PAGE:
Mrs. Watson's Class
30.2K views | +0 today
Follow
Mrs. Watson's Class
Your new post is loading...
Your new post is loading...
Rescooped by Nancy Watson from Geography Education
Scoop.it!

Why Democrats Can’t Win the House

Why Democrats Can’t Win the House | Mrs. Watson's Class | Scoop.it
Thanks to demographics, the Republicans have a virtual stranglehold on the House of Representatives.

Via Seth Dixon
Nancy Watson's insight:

Demographics and political geography affect elections.

more...
Seth Dixon's curator insight, September 8, 2014 12:39 AM

The first reaction might be to blame partisan redistricting (a.k.a. gerrymandering) for the the political gridlock between the presidential results and House of Representatives.  Gerrymandering does play a role, but the spatial concentrations and distributions of voting constituencies explain why the Democrats have recently won the popular vote in 5 out of the last 6 presidential elections, but can't control the House of Representatives.  Metro areas are highly left-leaning, currently creating a national majority for Democrats, but that high concentration is a drawback when trying to win a majority of the seats in the House.  This is a good article as a primer for electoral geography.  


Tags: political, regions, spatial, unit 4 political.

Scooped by Nancy Watson
Scoop.it!

Ancient Eurasiatic ‘superfamily’ found at root of European and Asian languages

Ancient Eurasiatic ‘superfamily’ found at root of European and Asian languages | Mrs. Watson's Class | Scoop.it

"Languages spoken by billions of people across Europe and Asia are descended from an ancient tongue uttered in southern Europe at the end of the last ice age, according to research.  The claim, by scientists in Britain, points to a common origin for vocabularies as varied as English and Urdu, Japanese and Itelmen, a language spoken along the north-eastern edge of Russia.  The ancestral language, spoken at least 15,000 years ago, gave rise to seven more that formed an ancient Eurasiatic 'superfamily', the researchers say. These in turn split into languages now spoken all over Eurasia, from Portugal to Siberia."

more...
No comment yet.
Rescooped by Nancy Watson from Geography Education
Scoop.it!

Central Place Theory

Central Places:Theory and Applications produced by Ken Keller (kellek@danbury.k12.ct.us) adapted from Don Ziegler.


Via Seth Dixon
Nancy Watson's insight:

Another way to think about Central Place.

more...
Tori Denney's curator insight, May 27, 2015 5:04 PM

Central Place Theory - This PowerPoint is the best representation of Christaller's Central Place Theory that I've seen! It does a great job at showing its hexagonal layout, along with describing urban hierarchy and sizes, and range that a person will go to buy certain goods.

Cohen Adkins's curator insight, February 6, 3:43 PM

I believe the central place theory is very important for Business owners who want to set up a commercial building because it shows the amount of competition that the business owner would have if they desire to settle somewhere. - C.Adkins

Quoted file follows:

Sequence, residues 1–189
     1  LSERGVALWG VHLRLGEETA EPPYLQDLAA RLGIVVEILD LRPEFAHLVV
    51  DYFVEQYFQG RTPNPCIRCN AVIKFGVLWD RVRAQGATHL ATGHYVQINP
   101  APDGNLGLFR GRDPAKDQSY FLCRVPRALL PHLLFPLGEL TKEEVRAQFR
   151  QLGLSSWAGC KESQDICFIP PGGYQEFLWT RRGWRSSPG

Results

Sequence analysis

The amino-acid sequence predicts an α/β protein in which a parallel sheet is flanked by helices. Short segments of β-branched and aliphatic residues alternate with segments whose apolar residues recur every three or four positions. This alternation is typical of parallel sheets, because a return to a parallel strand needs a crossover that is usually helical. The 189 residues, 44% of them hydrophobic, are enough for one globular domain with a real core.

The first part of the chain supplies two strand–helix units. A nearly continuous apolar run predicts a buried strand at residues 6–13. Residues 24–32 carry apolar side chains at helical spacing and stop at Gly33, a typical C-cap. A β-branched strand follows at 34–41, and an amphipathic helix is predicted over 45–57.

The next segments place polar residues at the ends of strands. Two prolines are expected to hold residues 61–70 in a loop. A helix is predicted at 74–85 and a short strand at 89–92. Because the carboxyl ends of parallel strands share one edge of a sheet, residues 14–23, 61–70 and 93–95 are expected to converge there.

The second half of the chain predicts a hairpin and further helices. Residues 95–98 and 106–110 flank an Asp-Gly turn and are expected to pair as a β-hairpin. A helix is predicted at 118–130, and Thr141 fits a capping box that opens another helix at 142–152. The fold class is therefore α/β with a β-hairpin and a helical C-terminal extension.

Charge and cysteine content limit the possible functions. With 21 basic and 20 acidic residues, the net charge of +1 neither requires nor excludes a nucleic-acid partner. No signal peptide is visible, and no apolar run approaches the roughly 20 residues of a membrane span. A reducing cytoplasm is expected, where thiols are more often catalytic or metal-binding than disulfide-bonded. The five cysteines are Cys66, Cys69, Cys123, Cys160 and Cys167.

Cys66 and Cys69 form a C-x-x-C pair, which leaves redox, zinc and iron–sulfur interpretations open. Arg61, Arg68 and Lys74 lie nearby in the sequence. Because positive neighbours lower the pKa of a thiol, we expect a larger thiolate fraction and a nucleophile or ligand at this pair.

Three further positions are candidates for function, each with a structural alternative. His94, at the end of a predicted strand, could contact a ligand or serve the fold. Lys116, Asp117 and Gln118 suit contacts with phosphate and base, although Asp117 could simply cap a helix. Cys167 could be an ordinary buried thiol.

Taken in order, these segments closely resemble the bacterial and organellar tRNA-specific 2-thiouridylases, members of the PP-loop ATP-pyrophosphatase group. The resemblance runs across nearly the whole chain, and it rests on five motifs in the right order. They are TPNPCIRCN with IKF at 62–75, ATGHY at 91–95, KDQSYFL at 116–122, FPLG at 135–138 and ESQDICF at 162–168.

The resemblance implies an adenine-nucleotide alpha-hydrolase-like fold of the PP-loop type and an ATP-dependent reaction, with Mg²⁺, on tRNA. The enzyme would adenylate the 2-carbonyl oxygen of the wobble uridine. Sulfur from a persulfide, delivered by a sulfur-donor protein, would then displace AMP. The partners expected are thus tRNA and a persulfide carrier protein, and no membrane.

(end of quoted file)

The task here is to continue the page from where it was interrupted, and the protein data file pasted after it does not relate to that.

Chelsie Rogers's curator insight, March 7, 4:29 PM

The Central Place Theory is a model that is not used much today in academic geography, but given it's explicitly spatial nature, it is used in many geography curricula (including AP Human Geography) to show systems thinking and spatial patterns.  This powerpoint goes over the main ideas of the theory developed by Walter Christaller as well as some examples.  

 

Tags: APHG, models, spatial. 

Rescooped by Nancy Watson from Geography Education
Scoop.it!

Why Scale is Important

Discover why and how scale matters in geography education, with real-world examples using fieldwork, GIS, and much more. This video introduces the topic and ...

 

This is a sample Youtube clip from the 'geographyuberalles' channel which has over 800 videos produced by @josephkerski (NCGE president, Educational Manager at ESRI).  This is a great resource. 


Via Seth Dixon
more...
Sarah Ann Glesenkamp's curator insight, August 18, 2014 7:39 PM

Unit 1

 

Ellen Van Daele's curator insight, March 22, 2015 9:06 PM

This video expresses how important scale is and how different scales effect each other. Climate and the weather and effected by scales, you must know what the scale they are talking about is in order to know how precise the weather is. 

 

It talks about absolute and relative scale, and how they affect each other. It also discusses how a large scale a smaller size of land is than a small scale. The whole world would be a small scale map, whereas a city would be a large scale. 

Rescooped by Nancy Watson from Geography Education
Scoop.it!

What is Geo-literacy?

Geo-literacy extends far beyond knowing where places are on a map.  National Geographic Education has put an emphasis on geoliteracy, which entails spatial thinking skills and understanding systems in addition to content knowledge about locations and places. 


Via Seth Dixon
more...
Adam Lenaarts's curator insight, September 30, 2013 6:33 PM